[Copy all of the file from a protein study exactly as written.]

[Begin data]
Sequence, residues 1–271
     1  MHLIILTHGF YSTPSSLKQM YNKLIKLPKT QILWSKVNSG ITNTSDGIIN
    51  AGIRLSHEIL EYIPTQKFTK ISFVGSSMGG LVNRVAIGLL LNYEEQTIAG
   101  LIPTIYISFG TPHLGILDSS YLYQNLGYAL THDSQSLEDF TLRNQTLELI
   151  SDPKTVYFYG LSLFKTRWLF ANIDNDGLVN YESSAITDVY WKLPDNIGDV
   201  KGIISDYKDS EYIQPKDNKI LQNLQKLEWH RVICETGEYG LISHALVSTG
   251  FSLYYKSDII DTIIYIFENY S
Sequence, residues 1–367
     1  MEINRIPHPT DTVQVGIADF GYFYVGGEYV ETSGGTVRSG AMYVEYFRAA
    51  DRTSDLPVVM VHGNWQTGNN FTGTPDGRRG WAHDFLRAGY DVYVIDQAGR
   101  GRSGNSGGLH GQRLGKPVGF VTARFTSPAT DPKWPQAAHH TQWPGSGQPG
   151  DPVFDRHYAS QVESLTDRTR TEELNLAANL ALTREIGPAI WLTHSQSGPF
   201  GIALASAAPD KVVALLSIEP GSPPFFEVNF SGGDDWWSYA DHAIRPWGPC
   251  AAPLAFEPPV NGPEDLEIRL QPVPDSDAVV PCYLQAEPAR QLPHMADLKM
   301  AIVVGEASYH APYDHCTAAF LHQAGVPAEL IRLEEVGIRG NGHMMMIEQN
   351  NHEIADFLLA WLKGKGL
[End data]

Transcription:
Sequence, residues 1–271
     1  MHLIILTHGF YSTPSSLKQM YNKLIKLPKT QILWSKVNSG ITNTSDGIIN
    51  AGIRLSHEIL EYIPTQKFTK ISFVGSSMGG LVNRVAIGLL LNYEEQTIAG
   101  LIPTIYISFG TPHLGILDSS YLYQNLGYAL THDSQSLEDF TLRNQTLELI
   151  SDPKTVYFYG LSLFKTRWLF ANIDNDGLVN YESSAITDVY WKLPDNIGDV
   201  KGIISDYKDS EYIQPKDNKI LQNLQKLEWH RVICETGEYG LISHALVSTG
   251  FSLYYKSDII DTIIYIFENY S
Sequence, residues 1–367
     1  MEINRIPHPT DTVQVGIADF GYFYVGGEYV ETSGGTVRSG AMYVEYFRAA
    51  DRTSDLPVVM VHGNWQTGNN FTGTPDGRRG WAHDFLRAGY DVYVIDQAGR
   101  GRSGNSGGLH GQRLGKPVGF VTARFTSPAT DPKWPQAAHH TQWPGSGQPG
   151  DPVFDRHYAS QVESLTDRTR TEELNLAANL ALTREIGPAI WLTHSQSGPF
   201  GIALASAAPD KVVALLSIEP GSPPFFEVNF SGGDDWWSYA DHAIRPWGPC
   251  AAPLAFEPPV NGPEDLEIRL QPVPDSDAVV PCYLQAEPAR QLPHMADLKM
   301  AIVVGEASYH APYDHCTAAF LHQAGVPAEL IRLEEVGIRG NGHMMMIEQN
   351  NHEIADFLLA WLKGKGL